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CPTSD Vs. PTSD

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If you go through a highly traumatic experience, you can develop posttraumatic stress disorder or PTSD. Every year, thousands of Americans are diagnosed with this disorder. A smaller number of people may develop a condition called complex PTSD, or CPTSD. The two illnesses differ in several ways. However, both require treatment in a well-designed PTSD treatment center.

A variety of treatments can play a role in PTSD treatment. Some of these treatments are in widespread use. However, others are only found in a few PTSD programs. At Springfield Wellness, we offer a unique treatment called NAD+ therapy. This cutting-edge technique promotes recovery by correcting a key chemical imbalance inside your brain.

The Basics of CPTSD Vs. PTSD

There are a variety of similarities and differences when discussing CPTSD vs. PTSD.

PTSD

Post-traumatic stress disorder has an official definition created by the American Psychiatric Association. Doctors in the United States follow this definition when diagnosing the illness. You must have harmful, life-disrupting symptoms at least 30 days after trauma exposure to receive a diagnosis. In addition, your symptoms must fall into each of these four different categories:

  • Unwanted thoughts, memories, or dreams about a traumatic event
  • A compelling urge to avoid any trauma reminders
  • Changes in your everyday thinking and emotional responses
  • Unusual levels of emotional reactivity and jitteriness

Often, PTSD occurs in the aftermath of a single traumatic event.

CPTSD

Complex PTSD does not have an official definition. Doctors in the 1980s first identified the proposed condition. These doctors believed that the official PTSD definition is incomplete. Specifically, it does not consider the outcomes of people who go through long-term traumatic events. These people may develop more severe mental health issues. That includes symptoms not included in the PTSD definition.

Causes of CPTSD

What situations can lead to CPTSD rather than PTSD? One significant factor is the length of trauma exposure. The longer your exposure lasts, the more likely it is that you will develop CPTSD. This exposure may occur during childhood. However, it may also happen during adulthood.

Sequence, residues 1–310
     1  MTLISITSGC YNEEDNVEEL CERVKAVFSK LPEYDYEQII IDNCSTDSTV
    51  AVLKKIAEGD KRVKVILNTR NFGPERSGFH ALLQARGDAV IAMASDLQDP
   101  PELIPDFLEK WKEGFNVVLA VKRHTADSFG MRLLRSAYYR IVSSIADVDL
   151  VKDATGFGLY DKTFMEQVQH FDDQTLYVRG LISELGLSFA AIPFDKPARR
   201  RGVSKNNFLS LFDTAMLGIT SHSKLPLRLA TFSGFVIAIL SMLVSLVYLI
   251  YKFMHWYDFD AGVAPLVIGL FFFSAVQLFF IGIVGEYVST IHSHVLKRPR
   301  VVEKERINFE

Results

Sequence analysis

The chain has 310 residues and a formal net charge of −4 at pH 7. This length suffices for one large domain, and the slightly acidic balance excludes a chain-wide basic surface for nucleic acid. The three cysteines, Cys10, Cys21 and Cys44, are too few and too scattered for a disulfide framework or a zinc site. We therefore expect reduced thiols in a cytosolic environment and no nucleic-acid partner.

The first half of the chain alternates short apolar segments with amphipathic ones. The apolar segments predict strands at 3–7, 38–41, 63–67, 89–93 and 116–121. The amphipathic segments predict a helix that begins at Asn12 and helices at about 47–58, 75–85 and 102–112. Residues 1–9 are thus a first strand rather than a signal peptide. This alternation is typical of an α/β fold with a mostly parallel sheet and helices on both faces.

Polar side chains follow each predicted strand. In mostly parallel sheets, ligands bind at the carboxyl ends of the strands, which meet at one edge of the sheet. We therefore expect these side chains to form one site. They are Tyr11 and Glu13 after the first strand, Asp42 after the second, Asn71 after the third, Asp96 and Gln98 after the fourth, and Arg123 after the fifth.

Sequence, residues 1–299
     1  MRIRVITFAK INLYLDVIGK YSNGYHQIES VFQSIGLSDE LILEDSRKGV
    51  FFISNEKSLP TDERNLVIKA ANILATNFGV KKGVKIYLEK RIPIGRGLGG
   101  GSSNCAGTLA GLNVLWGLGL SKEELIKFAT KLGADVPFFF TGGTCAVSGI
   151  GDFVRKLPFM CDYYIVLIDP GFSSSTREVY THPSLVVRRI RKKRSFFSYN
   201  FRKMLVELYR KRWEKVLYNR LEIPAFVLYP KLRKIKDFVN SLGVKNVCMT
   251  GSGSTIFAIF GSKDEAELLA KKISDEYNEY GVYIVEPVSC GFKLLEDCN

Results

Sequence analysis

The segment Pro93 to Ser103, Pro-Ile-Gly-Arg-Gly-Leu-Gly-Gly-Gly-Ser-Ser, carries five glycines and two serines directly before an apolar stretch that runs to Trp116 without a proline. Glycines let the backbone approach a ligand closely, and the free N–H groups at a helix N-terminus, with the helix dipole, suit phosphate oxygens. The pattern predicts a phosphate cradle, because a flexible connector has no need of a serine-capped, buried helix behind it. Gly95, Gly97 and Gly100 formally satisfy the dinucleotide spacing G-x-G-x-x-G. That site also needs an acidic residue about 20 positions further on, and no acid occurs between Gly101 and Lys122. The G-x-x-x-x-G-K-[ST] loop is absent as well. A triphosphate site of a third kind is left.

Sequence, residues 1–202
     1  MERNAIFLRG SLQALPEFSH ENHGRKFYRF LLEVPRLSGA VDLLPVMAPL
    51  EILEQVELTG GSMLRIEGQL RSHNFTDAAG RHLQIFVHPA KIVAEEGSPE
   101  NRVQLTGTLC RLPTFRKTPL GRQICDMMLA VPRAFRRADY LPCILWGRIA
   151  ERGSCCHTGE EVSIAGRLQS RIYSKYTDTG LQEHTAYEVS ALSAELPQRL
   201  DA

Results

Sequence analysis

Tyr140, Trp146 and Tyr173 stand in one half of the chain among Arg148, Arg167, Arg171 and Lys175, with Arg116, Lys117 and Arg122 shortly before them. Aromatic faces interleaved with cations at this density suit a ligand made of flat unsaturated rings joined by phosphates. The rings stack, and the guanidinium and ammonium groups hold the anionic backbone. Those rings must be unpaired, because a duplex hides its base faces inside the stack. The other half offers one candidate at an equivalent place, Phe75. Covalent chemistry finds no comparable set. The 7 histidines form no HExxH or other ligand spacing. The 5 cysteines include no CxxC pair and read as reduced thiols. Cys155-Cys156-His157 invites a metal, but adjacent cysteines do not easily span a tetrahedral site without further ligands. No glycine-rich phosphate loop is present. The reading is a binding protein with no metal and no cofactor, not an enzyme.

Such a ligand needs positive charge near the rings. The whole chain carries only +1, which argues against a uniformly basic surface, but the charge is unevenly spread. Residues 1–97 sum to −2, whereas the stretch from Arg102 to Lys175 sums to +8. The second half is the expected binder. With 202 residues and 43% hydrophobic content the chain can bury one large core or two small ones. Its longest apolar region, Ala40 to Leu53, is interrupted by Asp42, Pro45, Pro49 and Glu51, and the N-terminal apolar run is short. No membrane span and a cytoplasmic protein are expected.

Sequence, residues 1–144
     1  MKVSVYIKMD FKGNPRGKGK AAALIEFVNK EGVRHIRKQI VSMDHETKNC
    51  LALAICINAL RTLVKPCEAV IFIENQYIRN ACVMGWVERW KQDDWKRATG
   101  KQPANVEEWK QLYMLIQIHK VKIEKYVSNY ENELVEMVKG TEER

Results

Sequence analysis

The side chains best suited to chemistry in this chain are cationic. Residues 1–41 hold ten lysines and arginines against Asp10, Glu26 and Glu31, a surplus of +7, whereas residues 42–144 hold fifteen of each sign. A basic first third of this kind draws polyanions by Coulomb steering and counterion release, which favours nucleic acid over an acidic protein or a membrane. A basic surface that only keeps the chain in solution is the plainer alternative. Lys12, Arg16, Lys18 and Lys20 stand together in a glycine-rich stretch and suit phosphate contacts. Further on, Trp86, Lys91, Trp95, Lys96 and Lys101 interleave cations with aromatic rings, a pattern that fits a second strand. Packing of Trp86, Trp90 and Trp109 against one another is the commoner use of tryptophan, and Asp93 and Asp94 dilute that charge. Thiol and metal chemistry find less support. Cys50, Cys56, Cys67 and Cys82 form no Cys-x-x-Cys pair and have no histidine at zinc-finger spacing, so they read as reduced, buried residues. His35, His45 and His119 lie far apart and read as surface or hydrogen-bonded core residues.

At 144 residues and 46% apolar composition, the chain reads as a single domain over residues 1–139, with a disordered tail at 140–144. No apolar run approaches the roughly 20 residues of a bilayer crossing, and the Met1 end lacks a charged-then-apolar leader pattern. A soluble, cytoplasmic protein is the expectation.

When someone experiences a traumatic event, it leaves the affected person in a captive state. That state can include actual physical and emotional captivity. In either case, you feel unable to escape what’s happening to you. In children, these conditions often occur with sexual or physical abuse. However, in adults, they often coincide with ongoing domestic violence.

How long must trauma exposure last? There is no set timeline, so your exposure may occur over a period of weeks or months, or it may last for years.

CPTSD Symptoms

What are the potential symptoms of CPTSD? The illness can produce effects such as:

  • Loss of control over your emotions
  • A diminished sense of personal reality
  • Alienation from other people
  • Extreme isolation
  • Lack of any sense of meaning or purpose

In addition, you may have higher risks for other serious problems. That includes additional forms of mental illness. It also can lead to substance abuse and addiction.

Learn More at Springfield Wellness Center

At Springfield Wellness Center, we understand the potential impact of PTSD and CPTSD. If you have questions about either of these conditions, we can answer them as we provide an innovative approach to PTSD treatment: NAD+ therapy. This therapy aims to restore your levels of the brain chemical nicotinamide adenine dinucleotide or NAD. You need adequate levels of this chemical to support a range of crucial functions. When those levels fall, problems can occur. On the list of those potential problems is worsened PTSD symptoms. Along with our other treatment options, NAD+ therapy supports an effective recovery. For more information, call us today at 844.334.4727 or fill out our online form.